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Home WHAT’S NEW THE NEWEST ASSUMPTIONIST COMMUNITY IN COLOMBIA SPREADS ITS WINGS

THE NEWEST ASSUMPTIONIST COMMUNITY IN COLOMBIA SPREADS ITS WINGS PDF Print E-mail

Fr. Esteban saying Mass outdoorsAt the beginning of 2015 the Assumptionists opened a new international community in Colombia, consisting of two Chileans, Fr. Esteban Monsalves and Br. Juan Nuñez, and one Congolese brother, Jean-Aimé Kakule Virivusiga. After settling into their various new responsibilities (Esteban as superior of the community and regional delegate of the provincial for Colombia) and Juan and Jean-Aimé as students in theology, they decided to spread their wings this past Christmas and get involved in a heavy dose of pastoral ministry in rural settings. Juan traveled to our community high in the Andes Mountains of Ecuador where he lent a hand at our parish. Jean-Aimé accompanied a group of missionaries to two farming villages in the mountainous region of Boyacá (central northeast Colombia bordering Venezuela) and Fr. Esteban to northern tip of the country. What follows is a short description of Fr. Esteban’s experience.

"We arrived on December 13 in the state of Riohacha bordering the Caribbean Sea. We thought we would be working along palm-lined beaches with salty breezes. Wrong! In fact we ended up in an arid inland region known as Guajira where the diocese hoped that we could help a fairly underserved population to prepare for Christmas.

Preaching the gospel from house to houseThere were twenty of us in our group made up by one Assumptionist and one Little Sister of the Assumption and lay volunteers, mostly university students, some with vocational interests. On our arrival, the diocese also asked us to bring along with us 18 seminarians. Our entire group divided into two contingents so that we could better manage the four villages in the Guajira region.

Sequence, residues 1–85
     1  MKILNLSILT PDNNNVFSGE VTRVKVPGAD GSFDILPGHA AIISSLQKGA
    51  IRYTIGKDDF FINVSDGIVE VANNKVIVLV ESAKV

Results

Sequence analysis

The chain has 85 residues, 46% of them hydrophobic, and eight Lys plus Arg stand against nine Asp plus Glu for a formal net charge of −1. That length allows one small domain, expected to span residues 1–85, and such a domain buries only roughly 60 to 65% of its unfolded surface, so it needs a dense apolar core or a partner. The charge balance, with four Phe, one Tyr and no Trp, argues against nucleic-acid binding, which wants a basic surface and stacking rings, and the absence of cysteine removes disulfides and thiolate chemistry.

We were afforded a wonderful welcome by the native population, the vast majority of whom belong to the Wayúu tribe. We were housed by locals in modest rooms with a bed, a fan, and a bowl of water for washing.

Rising early, we spent long hours going from house to house to preach the gospel, visit the sick, bring Communion to shut-ins, and end the day with processions of the faithful culminating in a pre-Christmas novena. In most of the adobe houses people sleep on hammocks. We ate with families who outdid themselves to prepare us typical local plates."  

Since Fr. Esteban was the only priest on the mission during the 11-day visit, he would go from village to village celebrating Mass, hearing Confessions, and anointing the sick. Sometimes a village had a chapel but some did not and he would celebrate Mass in the open or in a makeshift chapel (a tarp as a canopy to protect from the sun or the occasional downpour). The Wayúu accepted Christianity only after many years and there are still primitive vestiges of the previous animist religion. The misión culminated in a midnight Mass in one of the villages with more than a thousand colorfully dressed people in attendance, featuring Christmas hymns and a post-celebration meal with traditional dances.

Last Updated on Wednesday, 17 February 2016 09:53
 
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